Daniel v. USA

Filing 25

Order 20 Accepting Findings and Recommendations and Denying Certificate of Appealability re: 1 Motion to Vacate under 28 U.S.C. 2255 filed by Tommy Dale Daniel. The motion to vacate, set aside, or correct sentence under 28 U.S.C. 2255 is DENIED. (Ordered by Judge Reed C. O'Connor on 9/1/2017) (epm)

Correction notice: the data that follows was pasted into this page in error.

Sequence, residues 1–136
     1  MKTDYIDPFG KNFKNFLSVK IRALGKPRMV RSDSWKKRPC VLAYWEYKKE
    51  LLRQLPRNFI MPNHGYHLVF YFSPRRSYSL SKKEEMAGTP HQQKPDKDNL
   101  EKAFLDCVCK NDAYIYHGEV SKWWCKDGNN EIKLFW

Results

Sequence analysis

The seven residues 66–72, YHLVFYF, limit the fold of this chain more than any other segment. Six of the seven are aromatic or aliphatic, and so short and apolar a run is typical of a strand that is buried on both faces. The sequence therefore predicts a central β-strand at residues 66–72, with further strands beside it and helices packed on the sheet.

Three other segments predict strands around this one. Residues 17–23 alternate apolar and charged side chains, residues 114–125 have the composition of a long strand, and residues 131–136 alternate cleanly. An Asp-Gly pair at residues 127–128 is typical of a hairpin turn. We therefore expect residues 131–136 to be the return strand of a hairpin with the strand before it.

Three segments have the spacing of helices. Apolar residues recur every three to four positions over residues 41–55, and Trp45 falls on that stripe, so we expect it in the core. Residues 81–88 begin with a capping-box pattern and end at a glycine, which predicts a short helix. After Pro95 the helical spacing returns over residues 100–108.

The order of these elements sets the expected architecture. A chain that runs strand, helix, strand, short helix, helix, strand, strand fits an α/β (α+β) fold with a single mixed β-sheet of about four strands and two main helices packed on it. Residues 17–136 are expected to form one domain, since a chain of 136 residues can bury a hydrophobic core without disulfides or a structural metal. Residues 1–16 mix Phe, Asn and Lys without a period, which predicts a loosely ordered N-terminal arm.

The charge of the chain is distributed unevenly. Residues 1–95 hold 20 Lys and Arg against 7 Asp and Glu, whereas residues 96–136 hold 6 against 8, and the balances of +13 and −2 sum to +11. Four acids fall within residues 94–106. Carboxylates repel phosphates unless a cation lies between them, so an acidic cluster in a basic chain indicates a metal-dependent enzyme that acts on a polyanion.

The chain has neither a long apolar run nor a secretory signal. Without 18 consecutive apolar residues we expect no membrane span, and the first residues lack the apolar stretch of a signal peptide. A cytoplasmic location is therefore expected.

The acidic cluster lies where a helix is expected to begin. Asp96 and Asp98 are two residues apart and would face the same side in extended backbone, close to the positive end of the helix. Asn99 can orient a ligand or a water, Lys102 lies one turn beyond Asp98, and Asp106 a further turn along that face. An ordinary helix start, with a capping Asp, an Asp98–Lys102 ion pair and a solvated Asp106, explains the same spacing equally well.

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IN THE UNITED STATES DISTRICT COURT FOR THE NORTHERN DISTRICT OF TEXAS DALLAS DIVISION TOMMY DALE DANIEL, #18826-298, Petitioner, v. UNITED STATES OF AMERICA, Respondent. § § § § § § § 3:15-CV-3413-O-BK (3:07-CR-0142-O-1) ORDER ACCEPTING FINDINGS AND RECOMMENDATION OF THE UNITED STATES MAGISTRATE JUDGE The United States Magistrate Judge made Findings, Conclusions, and a Recommendation in this case. Respondent and Petitioner filed objections, and the District Court has made a de novo review of those portions of the proposed findings and recommendation to which objection was made. For the reasons set out below, the objections are overruled, and the Court ACCEPTS the Findings, Conclusions, and Recommendation of the United States Magistrate Judge. I. The Government objects to footnote 1 of the Magistrate Judge’s recommendation, which concluded that the section 2255 motion was timely filed for purposes of the one-year statute of limitations period. Otherwise, the Government agrees that the section 2255 motion should be denied. In cases such as this, “in which a defendant’s conviction is affirmed on appeal but the case is remanded for resentencing [here restitution], the defendant’s conviction becomes final for limitations purposes under the AEDPA when ... both the conviction and sentence become final by the conclusion of direct review or the expiration of time for seeking such review.” United States v. Messervey, 269 F. App’x 379, 381 (5th Cir. 2008) (per curiam) (citing Burton v. 1 Stewart, 549 U.S. 147, 156-157 (2007) (per curiam) (where state appellate court remands for resentencing, the limitations period does not begin until both the conviction and resentencing claims are final on direct review)); see also Scott v. Hubert, 635 F.3d 659, 664-667 (5th Cir. 2011) (holding the same in the context of a state habeas petition sunder 28 U.S.C. § 2254). This Court reached the same conclusion in a § 2255 case where the defendant’s sentence and restitution had been vacated in part and the case remanded for resentencing. See Bazemore v. United States, 3:15-CV-03574-O, 2015 WL 9948109, at *1 (N.D. Tex. Nov. 6, 2015), recommendation adopted, 2016 WL 368004 (N.D. Tex. Jan. 29, 2016) (dismissing § 2255 motion without prejudice pending completion of direct appeal and noting that the conviction was not final for statute of limitations purposes until both the conviction and sentence were final). Moreover, at least two circuits have held that the one-year limitations period for filing a § 2255 motion begins to run when the district court’s revised restitution order on remand becomes final. See Gonzalez v. United States, 792 F.3d 232, 235-36 (2nd Cir. 2015); United States v. Lafromboise, 427 F.3d 680, 683-84 (9th Cir. 2005) (when the court of appeals either partially or wholly reverses a defendant’s conviction or sentence, or both, and expressly remands to the district court, the judgment does not become “final,” and the one-year limitations period for filing a § 2255 motion does not begin to run, until the district court has entered an amended judgment and the time for appealing that judgment has passed); see also United States v. Colvin, 204 F.3d 1221, 1224-26 (9th Cir. 2000) (explaining the legal and policy rationale for adopting a clear rule of finality when the court of appeals either partially or wholly reverses a defendant’s conviction or sentence, or both, and expressly remands the case to the district court). The Government relies on United States v. Olvera, 775 F.3d 726, 728 (5th Cir. 2015), where a motion to reduce under Rule 35(b) ultimately resulted in the entry of an amended 2 judgment reducing the sentence. There, the United States Court of Appeals for the Fifth Circuit held that the one-year limitations period did not renew and, “because the sentence reduction ha[d] no impact on the finality of Olvera’s conviction, his [section 2255] motion was untimely under § 2255(f)(1).” Id. In seeking to extend Olvera, the Government claims that the litigation over restitution had no impact on the finality of Petitioner’s conviction or sentence just like the motion to reduce sentence in Olvera. Doc. 21 at 6. However, Olvera is distinguishable in that it dealt with whether a post-judgment motion can revive an already expired one-year limitations period, and not when a partial remand for sentencing purposes becomes final. The Government also asserts that the Petitioner could have challenged his conviction contemporaneously with the petition for writ of certiorari, but failed to do so. Id. Doc. 21 at 6-7. That argument is inapposite. Again the real issue is when Petitioner’s conviction became final for purposes of § 2255 relief. Under Messervey and Burton, supra, the Court concludes that finality is determined when both the conviction and the sentence become final. The Court, thus, overrules the Government’s objection and finds that the section 2255 motion was timely filed. II. Petitioner objects to the Magistrate Judge’s recommendation insofar as it recommends that his § 2255 motion should be denied. He claims he is actually innocent and argues at length that the evidence on which the Government relied at trial proves his innocence. Doc. 24 at 4-7. However, as the Magistrate Judge correctly found Petitioner has failed to present any new evidence that would undermine this Court’s confidence regarding the finding of guilt by the jury at trial. See McQuiggin v. Perkins, ___ U.S. ___, 133 S. Ct. 1924, 1928, 1935 (2013) (to establish actual innocence, a petitioner must present new evidence in support of his claim and “‘show that it is more likely than not that no reasonable juror would have convicted him in the light of the new evidence.’”). 3 Likewise, even when liberally construed, Petitioner’s arguments challenging his underlying conviction fail to offer a convincing claim of actual innocence. Indeed, as the Supreme Court has noted “tenable actual-innocence gateway pleas are rare.” Id. at 1942. Petitioner has also failed to show ineffective assistance of counsel on appeal. Doc. 24 at 10-11. Again his arguments, even when liberally construed, do not present a credible, nonfrivolous issue for appeal that was stronger than the issues his counsel presented. Consequently, the Court finds that grounds 1-4 and 6, including the prosecutorial allegations raised in Petitioner’s objections, are procedurally barred. Next, Petitioner takes issue with the denial of his claims of ineffective assistance of counsel at trial. The Magistrate Judge concluded the claims were vague and conclusory. In his objections, Petitioner seeks to expand his assertions, presenting new, general allegations in support of his ineffectiveness claims. Doc. 24 at 10. However, even assuming Petitioner could establish deficient performance, he has clearly failed to meet the heavy burden of showing prejudice – namely that counsel’s deficient performance would have affected the outcome of his case. See Strickland v. Washington, 466 U.S. 668, 694 (1984) (to prove prejudice, “[t]he defendant must show that there is a reasonable probability that, but for counsel’s unprofessional errors, the result of the proceeding would have been different.”). Lastly, Petitioner adds a new claim in support of ground 6 – abuse of discretion – initially raised in the § 2255 motion. Specifically, he argues the undersigned should have recused before trial to maintain an appearance of impartiality and to avoid a “sham trial.” Doc. 24 at 11-13. However, as previously noted, ground 6 is procedurally barred and Petitioner has failed to show cause and prejudice or a fundamental miscarriage of justice. 4 III. The Court has made a de novo review of those portions of the proposed findings and recommendation to which objection was made. The objections are overruled and the Findings, Conclusions, and Recommendation of the United States Magistrate Judge are accepted. Accordingly, the motion to vacate, set aside, or correct sentence under 28 U.S.C. ' 2255 is DENIED. Considering the record in this case and pursuant to Federal Rule of Appellate Procedure 22(b), Rule 11(a) of the Rules Governing Sections 2254 and 2255 Proceedings in the United States District Court, and 28 U.S.C. § 2253(c), the Court also DENIES a certificate of appealability. The Court adopts and incorporates by reference the Magistrate Judge’s Findings, Conclusions and Recommendation as well as the reasons set out in in this order in support of its finding that the petitioner has failed to show (1) that reasonable jurists would find this Court’s “assessment of the constitutional claims debatable or wrong,” or (2) that reasonable jurists would find “it debatable whether the petition states a valid claim of the denial of a constitutional right” and “debatable whether [this Court] was correct in its procedural ruling.” Slack v. McDaniel, 529 U.S. 473, 484 (2000).1 1 Rule 11 of the Rules Governing §§ 2254 and 2255 Proceedings reads as follows: (a) Certificate of Appealability. The district court must issue or deny a certificate of appealability when it enters a final order adverse to the applicant. Before entering the final order, the court may direct the parties to submit arguments on whether a certificate should issue. If the court issues a certificate, the court must state the specific issue or issues that satisfy the showing required by 28 U.S.C. § 2253(c)(2). If the court denies a certificate, the parties may not appeal the denial but may seek a certificate from the court of appeals under Federal Rule of Appellate Procedure 22. A motion to reconsider a denial does not extend the time to appeal. 5 If petitioner files a notice of appeal, he must pay the $505.00 appellate filing fee or submit a motion to proceed in forma pauperis. SO ORDERED this 1st day of September, 2017. _____________________________________ Reed O’Connor UNITED STATES DISTRICT JUDGE (b) Time to Appeal. Federal Rule of Appellate Procedure 4(a) governs the time to appeal an order entered under these rules. A timely notice of appeal must be filed even if the district court issues a certificate of appealability. 6